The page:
Electric motors operate by converting electrical energy (voltage and amperes) into rotating mechanical energy using a system of magnets and wire windings. The magnets remain static and electricity passes to the windings on the electric motor's armature. The flow of electricity into the windings creates an electro- magnetic field which the magnets try to repel and the motor starts to turn. You can use a multimeter to check the voltage and amperes your motor is using.
Check the label on the electric motor to determine the voltage and amperes it needs to operate. Note the two figures so you can check them against the multimeter readings.
Locate the two terminals on the motor. They are labeled “+” and “-“ indicating positive and negative, respectively. It’s also likely that the wires connected to the motor are colored red and black, making identification easier.
Turn on the multimeter. Adjust the settings so it measures voltage. Turn on the motor.
Place the prong on the end of the meter's red wire onto the positive terminal on the motor. Place the prong on the end of the multimeter's black wire to the negative terminal. The meter will them measure the voltage the motor is using.
Read the meter. It will always read the same as the voltage noted on the motor’s label. The voltage always matches the label, as it relates to the electricity flowing from the power source to your motor.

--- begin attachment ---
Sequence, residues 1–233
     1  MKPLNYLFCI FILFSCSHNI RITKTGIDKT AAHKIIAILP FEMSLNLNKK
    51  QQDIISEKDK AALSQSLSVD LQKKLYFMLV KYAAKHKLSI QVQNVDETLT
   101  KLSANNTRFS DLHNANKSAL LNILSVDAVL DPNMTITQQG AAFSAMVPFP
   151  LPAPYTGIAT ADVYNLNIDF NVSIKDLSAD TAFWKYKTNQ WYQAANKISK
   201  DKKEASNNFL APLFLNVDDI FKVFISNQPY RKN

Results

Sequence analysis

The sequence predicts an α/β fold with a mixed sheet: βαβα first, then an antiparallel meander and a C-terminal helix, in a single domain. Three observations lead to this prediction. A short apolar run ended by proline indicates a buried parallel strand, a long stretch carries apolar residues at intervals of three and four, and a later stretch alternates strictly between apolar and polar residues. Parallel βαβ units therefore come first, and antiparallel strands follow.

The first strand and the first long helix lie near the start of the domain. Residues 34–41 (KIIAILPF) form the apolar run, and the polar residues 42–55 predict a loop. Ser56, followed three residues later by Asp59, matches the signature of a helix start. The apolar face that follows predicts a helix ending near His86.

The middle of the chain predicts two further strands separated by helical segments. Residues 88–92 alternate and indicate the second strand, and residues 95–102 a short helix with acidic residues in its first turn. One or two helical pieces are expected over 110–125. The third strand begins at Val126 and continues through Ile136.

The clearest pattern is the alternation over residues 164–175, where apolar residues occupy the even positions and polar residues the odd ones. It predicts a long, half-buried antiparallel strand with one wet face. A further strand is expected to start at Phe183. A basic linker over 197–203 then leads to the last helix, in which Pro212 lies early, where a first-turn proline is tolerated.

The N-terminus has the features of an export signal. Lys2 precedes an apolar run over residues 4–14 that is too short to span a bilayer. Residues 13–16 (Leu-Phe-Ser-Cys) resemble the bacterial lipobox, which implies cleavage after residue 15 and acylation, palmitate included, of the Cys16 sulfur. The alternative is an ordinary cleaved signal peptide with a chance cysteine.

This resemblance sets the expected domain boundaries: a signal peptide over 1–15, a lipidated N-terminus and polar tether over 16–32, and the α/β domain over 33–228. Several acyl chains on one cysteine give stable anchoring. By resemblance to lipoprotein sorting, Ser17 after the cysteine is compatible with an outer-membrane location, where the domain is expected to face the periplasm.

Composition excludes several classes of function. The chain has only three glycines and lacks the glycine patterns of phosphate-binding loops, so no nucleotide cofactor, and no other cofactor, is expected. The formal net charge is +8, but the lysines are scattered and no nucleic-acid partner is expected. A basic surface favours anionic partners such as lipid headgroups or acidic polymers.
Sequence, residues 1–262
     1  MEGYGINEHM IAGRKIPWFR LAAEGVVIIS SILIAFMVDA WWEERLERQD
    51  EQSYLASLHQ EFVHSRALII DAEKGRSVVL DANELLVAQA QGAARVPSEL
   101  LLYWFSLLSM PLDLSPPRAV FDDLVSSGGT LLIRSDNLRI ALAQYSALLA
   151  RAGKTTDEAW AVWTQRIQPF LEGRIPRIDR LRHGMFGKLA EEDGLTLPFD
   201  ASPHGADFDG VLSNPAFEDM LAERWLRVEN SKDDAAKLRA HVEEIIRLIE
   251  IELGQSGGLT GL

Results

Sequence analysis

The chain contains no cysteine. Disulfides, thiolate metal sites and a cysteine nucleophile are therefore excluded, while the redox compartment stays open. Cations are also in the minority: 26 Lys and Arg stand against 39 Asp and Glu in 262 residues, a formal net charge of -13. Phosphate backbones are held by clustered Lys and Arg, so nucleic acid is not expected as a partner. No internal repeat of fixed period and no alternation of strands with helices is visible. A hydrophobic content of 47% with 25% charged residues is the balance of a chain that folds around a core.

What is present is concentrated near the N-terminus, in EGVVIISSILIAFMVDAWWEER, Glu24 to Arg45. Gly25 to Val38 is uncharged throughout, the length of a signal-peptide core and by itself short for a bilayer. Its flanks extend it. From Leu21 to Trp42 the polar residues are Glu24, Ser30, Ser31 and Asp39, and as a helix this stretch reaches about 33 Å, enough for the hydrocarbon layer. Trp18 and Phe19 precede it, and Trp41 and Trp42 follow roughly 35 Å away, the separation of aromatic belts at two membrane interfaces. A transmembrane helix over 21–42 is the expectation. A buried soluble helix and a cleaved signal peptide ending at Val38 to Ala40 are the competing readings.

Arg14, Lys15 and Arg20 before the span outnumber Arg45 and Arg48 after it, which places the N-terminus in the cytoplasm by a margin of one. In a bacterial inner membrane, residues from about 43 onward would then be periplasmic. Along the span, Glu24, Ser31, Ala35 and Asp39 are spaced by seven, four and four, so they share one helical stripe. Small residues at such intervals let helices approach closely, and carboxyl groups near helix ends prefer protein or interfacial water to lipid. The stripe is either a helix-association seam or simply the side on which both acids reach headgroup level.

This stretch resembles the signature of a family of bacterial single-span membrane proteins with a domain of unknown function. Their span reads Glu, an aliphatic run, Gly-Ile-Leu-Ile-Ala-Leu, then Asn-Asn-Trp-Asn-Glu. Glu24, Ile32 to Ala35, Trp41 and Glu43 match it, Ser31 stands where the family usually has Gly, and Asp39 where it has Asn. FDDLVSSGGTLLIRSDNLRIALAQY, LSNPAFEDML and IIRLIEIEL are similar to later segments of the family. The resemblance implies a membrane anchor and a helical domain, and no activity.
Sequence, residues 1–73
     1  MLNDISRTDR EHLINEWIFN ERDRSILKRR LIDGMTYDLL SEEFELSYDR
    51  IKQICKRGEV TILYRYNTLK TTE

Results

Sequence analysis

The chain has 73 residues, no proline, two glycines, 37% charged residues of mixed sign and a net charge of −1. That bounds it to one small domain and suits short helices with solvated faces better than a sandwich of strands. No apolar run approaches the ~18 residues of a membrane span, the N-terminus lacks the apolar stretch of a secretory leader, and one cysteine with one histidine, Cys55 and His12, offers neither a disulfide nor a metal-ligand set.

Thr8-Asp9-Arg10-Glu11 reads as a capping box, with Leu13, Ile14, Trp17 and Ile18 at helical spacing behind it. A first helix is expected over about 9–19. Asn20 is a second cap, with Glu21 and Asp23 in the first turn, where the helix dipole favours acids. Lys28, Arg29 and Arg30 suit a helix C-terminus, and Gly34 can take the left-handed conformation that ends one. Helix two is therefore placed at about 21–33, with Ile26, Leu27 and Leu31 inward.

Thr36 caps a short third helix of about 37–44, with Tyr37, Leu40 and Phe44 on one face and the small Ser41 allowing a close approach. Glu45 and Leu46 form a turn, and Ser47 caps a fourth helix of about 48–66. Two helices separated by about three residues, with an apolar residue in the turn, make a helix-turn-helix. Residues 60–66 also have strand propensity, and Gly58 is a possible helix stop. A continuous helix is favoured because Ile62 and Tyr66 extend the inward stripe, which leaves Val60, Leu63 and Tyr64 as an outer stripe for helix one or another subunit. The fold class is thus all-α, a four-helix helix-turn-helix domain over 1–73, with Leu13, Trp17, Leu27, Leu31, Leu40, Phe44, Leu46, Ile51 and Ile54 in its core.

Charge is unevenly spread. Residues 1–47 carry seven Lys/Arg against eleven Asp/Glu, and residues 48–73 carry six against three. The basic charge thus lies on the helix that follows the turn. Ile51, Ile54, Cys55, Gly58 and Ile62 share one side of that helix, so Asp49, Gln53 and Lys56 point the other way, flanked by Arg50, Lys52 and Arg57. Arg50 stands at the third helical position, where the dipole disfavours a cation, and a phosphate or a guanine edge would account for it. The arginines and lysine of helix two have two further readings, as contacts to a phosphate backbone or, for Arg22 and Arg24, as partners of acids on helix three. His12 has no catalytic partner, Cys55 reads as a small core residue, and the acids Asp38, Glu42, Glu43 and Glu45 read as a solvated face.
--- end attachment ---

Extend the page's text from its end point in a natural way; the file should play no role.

Adjust the meter to measure amperes. This check determines whether the motor is operating correctly. Amperes relate to the current the motor uses.
Read the meter. If the motor is operating correctly, the amperes are the same as the motor’s label. If the amperes are less, the motor is not operating correctly and needs checking, as it probably has worn brushes. Turn off the motor.
The label on the motor may tell you the voltage and the wattage instead of the amperes. Wattage is the amount of energy the motor uses in one hour. For example, a 60 wattage motor will use 60 watts per hour. You can calculate the amperes your motor is using by dividing the wattage on the label by the voltage you noted from the multimeter. If you measured 12 volts and the label stated 60 watts then 60 divided by 12 equals 5, which is the amperes.
If your motor operates on high voltage electricity, such as the same or similar to your domestic electricity supply, it's sensible to wear protective rubber gloves to protect you from getting an accidental electric shock.
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